All the while she braved dropped 911 calls, trying to keep track of my erstwhile mount that was wandering around dragging his reins, and fending off another curious horse on the other side of the gate who did not seem worried about the risk of injuring me further by pushing on the gate that my concussed head was pressed against.
Q: Wow, Pam is amazing.
A: I agree with you; as a counterpoint, may I only note that she didn't talk me out of this particularly stupid idea I had about sitting on a green horse.
Q: So what happened next?
A: The rescue crew triaged me, got me in the cervical collar and on the backboard. Apparently I yelled about this quite a bit, as it hurt. I don't actually remember this part. It was shortly after this point that I started to get a little more coherent and could begin remembering new things again. To cut to the chase, I was whisked to the hospital, where my dad met up with us to give Pam some backup with the two kids and broken husband situation. They put me in the CT scanner--I only have a vague memory of the cylindrical whirling thing. At some point they authorized some painkillers. Dilaudid [Valium, I believe] actually did nothing for the pain--it just made me sleepy so I wasn't awake to notice it constantly. The next drug they gave me actually did cut the pain somewhat. Head, neck, and lower back were the primary spots that hurt. It wasn't until the next day that I noticed the more odd pains--my right big toe, my left pinky, my jaw--as if I had been punched right in the chin, and other miscellaneous bit players came out to lend their voices to the stars.
Q: So what was the diagnosis?
A: Essentially that I am one extended bruise and strain from tip to stern, capped off by a concussion. Rest, stretching exercises, and avoiding anything that might result in another head injury while I am recovering from this one are in order.
Thank you all for your patience...this is about as much sitting as I can handle right now, so I'm going to do my stretches and call it a night.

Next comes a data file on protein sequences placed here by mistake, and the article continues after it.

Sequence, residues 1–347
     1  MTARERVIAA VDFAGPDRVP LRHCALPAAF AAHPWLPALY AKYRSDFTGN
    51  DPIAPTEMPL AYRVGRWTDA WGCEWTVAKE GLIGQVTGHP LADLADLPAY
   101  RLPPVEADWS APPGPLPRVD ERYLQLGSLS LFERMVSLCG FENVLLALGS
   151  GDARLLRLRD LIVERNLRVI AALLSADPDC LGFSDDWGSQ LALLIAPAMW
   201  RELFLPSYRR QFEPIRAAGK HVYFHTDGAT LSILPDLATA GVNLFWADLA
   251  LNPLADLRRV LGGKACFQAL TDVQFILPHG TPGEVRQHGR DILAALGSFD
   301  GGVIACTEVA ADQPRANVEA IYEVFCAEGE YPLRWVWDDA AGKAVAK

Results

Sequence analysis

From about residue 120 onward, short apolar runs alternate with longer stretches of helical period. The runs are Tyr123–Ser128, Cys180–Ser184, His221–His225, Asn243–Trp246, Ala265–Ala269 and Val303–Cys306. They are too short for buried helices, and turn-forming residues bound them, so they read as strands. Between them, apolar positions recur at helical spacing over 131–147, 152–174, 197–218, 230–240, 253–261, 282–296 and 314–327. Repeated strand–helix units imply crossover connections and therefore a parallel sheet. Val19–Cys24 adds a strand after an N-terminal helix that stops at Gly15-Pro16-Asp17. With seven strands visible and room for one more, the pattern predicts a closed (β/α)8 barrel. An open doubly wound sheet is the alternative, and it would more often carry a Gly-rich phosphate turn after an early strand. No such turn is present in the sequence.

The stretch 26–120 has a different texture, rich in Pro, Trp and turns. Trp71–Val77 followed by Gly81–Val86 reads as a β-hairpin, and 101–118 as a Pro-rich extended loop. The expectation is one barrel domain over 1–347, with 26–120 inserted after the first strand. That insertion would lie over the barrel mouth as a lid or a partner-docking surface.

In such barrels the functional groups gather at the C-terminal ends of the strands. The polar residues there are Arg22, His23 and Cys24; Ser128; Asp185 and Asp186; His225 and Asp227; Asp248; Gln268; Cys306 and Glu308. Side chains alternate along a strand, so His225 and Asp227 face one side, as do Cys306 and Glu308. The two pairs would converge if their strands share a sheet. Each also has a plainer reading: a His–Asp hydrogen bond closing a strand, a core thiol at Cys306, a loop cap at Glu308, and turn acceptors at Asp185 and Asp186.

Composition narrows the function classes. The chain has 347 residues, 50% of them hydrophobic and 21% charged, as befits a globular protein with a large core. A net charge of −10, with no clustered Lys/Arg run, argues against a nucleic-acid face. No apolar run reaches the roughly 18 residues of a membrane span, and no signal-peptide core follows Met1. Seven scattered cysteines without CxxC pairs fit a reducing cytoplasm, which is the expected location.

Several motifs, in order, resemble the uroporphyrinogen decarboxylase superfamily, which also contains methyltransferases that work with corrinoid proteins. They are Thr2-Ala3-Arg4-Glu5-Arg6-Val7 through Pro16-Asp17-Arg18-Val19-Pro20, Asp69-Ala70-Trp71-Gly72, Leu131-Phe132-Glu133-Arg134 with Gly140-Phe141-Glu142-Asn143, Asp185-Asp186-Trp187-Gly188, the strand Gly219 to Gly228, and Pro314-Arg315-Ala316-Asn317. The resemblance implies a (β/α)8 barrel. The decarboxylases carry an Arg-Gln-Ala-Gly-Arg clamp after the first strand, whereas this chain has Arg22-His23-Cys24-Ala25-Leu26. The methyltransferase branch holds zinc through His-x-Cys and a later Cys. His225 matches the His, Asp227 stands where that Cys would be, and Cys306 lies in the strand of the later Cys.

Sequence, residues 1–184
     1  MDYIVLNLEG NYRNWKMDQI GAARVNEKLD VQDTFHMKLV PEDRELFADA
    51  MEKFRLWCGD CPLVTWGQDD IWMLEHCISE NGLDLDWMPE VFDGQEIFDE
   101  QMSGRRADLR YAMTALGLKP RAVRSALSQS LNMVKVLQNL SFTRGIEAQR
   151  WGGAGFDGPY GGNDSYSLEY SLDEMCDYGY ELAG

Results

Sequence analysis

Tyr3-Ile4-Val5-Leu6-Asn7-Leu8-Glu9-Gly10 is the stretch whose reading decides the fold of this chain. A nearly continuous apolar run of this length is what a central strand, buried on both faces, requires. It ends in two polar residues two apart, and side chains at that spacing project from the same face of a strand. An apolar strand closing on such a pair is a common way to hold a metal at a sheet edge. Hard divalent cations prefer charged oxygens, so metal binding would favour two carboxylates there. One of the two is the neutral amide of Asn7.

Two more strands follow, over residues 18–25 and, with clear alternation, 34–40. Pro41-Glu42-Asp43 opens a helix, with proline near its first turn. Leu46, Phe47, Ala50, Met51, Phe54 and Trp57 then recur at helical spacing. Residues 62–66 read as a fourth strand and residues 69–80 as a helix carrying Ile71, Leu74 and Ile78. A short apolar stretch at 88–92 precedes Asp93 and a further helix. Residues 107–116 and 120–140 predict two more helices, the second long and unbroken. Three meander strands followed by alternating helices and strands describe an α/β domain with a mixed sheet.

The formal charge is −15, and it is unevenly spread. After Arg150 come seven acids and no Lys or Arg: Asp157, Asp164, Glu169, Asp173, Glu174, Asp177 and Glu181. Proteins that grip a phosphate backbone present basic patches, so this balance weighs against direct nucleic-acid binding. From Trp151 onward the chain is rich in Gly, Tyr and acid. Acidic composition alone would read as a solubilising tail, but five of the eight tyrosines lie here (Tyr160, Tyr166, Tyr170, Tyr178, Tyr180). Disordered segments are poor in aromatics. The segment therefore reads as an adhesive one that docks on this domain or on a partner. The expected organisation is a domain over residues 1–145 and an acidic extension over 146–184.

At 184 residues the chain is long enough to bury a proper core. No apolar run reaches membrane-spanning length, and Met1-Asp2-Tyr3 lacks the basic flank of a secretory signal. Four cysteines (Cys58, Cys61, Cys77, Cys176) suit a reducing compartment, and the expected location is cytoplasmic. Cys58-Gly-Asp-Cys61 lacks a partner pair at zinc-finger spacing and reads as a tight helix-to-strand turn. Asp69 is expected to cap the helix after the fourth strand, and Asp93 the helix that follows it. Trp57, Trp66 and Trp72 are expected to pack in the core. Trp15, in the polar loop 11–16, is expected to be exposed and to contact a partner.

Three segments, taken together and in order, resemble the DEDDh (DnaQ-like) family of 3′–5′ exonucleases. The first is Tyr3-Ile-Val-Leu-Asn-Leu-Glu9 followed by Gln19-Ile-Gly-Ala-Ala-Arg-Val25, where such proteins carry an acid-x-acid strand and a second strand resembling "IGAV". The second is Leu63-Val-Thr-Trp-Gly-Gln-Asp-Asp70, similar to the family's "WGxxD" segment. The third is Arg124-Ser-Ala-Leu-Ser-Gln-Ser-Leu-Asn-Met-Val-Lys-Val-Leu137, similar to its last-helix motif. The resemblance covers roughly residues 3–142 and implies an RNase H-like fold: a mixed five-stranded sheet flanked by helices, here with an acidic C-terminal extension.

Kudos to you for wearing your helmet! You're smarter than Olympic dressage rider Courtney King-Dye, who was not wearing a helmet when she thrown from a young horse when it tripped, and sustained major brain injury and is in the process of a very lengthy rehab...
Anyway, ouch! Horses are dangerous! But I gotta love them anyway... just wouldn't be the one to get on a green horse for the first time.
I'm sure that neither one of us are happy to be object lessons in the advantages of wearing a helmet, nor the disadvantages of going without. Yet, there it is. It's less than two weeks later, and my symptoms are down to twinges, sore spots, and headaches...whereas it sounds like Ms. King-Dye's life has been forever altered for the worse.
The first time I was tossed, my foot caught in the stirrup and I was drug through a recently-plowed cornfield. You can tell the real horse nuts because we'll go through something like that, then get back on and keep riding.
Glad you had the helmet on, but you may want to work with a trainer on breaking horses. I can tell you from experience that wheelchairs are a pain in the butt.
Wow, that must have been a scary situation for all involved, I'm glad you are mostly okay. I got to say, reading this I kept thinking, okay, he's in pain, he's not paralyzed. Pain is good. (well sorta.)
I thought the same thing when he was lying there moaning. I established that he could move his feet, then started the battle to keep him still. Oh, and the horse on the other side of the gate? I braced the gate, so he started nibbling and nosing at me. He is a 2yo WB. Very curious and very big.